How Do I Get My Dog to Ignore Distractions?
First, it's important to understand that you need to be the bigger distraction in any situation. It is not about teaching your dog to ignore every distraction because there are no distraction-free environments in which you can live with a dog, but rather it's about learning how to successfully manage to live in our world together. So, realistic expectations for keeping your dog's attention and focus will help guide you to realistic solutions.
"When dogs are in certain mindsets, like working dogs, they're very focused on the work and listening to what the handler says as well as managing their tasks," Daniel explains. However, even in these situations, the dogs are splitting their focus between two things.
"In the regular day-to-day, when the dog is not in that work-zone mindset, it's much harder to get them to view you as a priority."
To help your dog stay focused on you, it's important to create scenarios in which your dog views you as the priority. For example, doing spontaneous recall exercises or high-value reward training sessions are both ways to train your dog that you are the priority because they have to come back to you to get what they want. If you are able, Daniel recommends creating a situation in which Fido's attention is being rewarded intermittently so he learns that staying attentive will lead to reinforcement (and not just dinner time).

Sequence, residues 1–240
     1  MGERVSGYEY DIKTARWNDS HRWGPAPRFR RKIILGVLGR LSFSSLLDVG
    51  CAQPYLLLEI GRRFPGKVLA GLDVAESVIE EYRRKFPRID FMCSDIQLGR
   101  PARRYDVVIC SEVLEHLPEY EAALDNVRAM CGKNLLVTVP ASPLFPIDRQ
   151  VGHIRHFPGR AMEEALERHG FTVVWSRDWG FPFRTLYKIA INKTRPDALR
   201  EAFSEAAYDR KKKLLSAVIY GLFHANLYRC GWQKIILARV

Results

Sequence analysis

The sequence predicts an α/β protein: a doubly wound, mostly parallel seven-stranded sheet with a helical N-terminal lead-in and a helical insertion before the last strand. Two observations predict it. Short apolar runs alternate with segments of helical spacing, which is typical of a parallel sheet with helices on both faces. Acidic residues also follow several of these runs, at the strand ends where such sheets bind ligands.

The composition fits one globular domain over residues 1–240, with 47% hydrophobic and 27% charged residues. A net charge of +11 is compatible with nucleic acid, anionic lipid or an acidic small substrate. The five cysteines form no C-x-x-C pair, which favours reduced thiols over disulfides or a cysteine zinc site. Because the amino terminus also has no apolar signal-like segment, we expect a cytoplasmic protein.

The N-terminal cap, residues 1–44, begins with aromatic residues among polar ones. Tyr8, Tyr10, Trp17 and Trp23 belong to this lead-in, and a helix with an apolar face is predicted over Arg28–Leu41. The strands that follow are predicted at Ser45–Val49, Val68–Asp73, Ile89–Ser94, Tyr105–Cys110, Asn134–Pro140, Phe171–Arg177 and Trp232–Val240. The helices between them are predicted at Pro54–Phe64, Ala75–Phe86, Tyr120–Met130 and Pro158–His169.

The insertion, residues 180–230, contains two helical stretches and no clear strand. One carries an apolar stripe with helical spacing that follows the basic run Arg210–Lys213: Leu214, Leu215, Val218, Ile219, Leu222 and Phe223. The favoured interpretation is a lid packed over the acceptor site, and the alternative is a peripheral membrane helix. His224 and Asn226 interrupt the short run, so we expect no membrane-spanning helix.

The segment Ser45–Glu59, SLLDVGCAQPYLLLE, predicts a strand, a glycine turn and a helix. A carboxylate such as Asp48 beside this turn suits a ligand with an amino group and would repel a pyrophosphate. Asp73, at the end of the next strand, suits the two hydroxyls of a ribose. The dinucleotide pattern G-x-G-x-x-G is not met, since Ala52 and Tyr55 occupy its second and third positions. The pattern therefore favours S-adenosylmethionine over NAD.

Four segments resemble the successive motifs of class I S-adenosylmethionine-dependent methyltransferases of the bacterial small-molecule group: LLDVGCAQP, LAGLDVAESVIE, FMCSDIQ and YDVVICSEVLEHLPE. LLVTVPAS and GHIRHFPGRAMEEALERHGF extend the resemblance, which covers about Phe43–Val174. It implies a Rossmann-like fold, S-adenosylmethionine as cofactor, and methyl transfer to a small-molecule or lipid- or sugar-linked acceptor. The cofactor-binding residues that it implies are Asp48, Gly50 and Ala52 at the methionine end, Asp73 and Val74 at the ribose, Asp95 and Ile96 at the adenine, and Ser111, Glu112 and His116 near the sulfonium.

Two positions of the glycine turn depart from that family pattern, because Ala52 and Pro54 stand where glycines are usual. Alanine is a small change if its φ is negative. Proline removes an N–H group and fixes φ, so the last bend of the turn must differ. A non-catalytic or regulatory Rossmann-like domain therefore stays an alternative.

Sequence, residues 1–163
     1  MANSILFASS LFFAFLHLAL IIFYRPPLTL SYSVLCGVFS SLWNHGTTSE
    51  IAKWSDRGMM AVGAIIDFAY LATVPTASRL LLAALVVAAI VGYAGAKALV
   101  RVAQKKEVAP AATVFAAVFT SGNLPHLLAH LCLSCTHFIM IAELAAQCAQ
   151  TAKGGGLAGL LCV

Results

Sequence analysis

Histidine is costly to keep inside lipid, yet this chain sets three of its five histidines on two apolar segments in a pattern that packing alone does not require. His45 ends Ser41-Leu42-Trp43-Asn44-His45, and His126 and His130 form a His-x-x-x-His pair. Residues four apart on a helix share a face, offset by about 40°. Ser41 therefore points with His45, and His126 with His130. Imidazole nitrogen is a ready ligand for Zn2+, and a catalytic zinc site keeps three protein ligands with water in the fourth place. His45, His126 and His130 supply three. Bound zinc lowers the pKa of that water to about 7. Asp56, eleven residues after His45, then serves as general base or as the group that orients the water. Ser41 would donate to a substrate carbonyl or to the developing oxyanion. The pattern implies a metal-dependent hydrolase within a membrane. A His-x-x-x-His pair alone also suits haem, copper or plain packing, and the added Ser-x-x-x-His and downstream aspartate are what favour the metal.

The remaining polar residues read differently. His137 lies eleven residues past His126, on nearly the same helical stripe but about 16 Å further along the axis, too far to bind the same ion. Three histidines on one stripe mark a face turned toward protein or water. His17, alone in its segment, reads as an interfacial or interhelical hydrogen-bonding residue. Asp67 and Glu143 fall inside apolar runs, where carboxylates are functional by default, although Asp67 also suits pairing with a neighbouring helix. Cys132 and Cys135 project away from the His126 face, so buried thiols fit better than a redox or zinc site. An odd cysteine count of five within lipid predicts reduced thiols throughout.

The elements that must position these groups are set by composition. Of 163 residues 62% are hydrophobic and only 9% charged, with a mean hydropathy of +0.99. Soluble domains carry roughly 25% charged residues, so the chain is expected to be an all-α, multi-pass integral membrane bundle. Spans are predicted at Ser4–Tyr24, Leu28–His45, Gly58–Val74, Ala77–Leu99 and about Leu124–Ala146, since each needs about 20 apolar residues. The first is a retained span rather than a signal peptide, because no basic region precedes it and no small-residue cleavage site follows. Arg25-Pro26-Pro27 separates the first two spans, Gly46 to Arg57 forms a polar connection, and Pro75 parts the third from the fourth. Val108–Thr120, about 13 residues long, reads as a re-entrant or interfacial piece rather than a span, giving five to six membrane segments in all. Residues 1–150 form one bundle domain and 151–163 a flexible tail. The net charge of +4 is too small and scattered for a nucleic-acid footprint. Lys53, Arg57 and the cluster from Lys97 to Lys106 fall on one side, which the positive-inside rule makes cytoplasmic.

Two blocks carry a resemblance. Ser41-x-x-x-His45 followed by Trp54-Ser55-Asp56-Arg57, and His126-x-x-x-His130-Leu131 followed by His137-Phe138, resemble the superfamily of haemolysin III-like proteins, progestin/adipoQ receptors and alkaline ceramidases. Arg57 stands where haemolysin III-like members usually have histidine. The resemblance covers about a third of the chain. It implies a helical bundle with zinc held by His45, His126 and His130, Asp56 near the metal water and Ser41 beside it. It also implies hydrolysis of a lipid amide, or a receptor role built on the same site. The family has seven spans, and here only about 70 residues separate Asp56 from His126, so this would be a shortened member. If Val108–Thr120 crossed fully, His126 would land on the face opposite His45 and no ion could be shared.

These techniques tie into the overall structured obedience training regimen you set up with your dog. What's most important is that you are able to communicate what you want or need of your pup in an effective manner so that he knows the right behavior to perform when you're outside of the usual training zone.
Repetition is very important. As time goes on, you will ultimately build a symbiotic relationship with your dog because he will begin to look to you for direction instead of giving in to distractions. Additionally, the onus is on you to anticipate potentially problematic situations while you're out and about.
"This is easier said than done," Daniel continues. "I like to evaluate what's going on while I'm walking my dog. If I see somebody in the distance with a dog or see kids starting to play a game I know will instigate my dog to act in a way that I don't want, then I might recall her ahead of time."
In doing this, you can shut down potentially problematic situations before they even start. It's you putting yourself into a proactive, rather than reactive mindset. Additionally, you're helping to avoid situations where you otherwise would be setting them up for failure.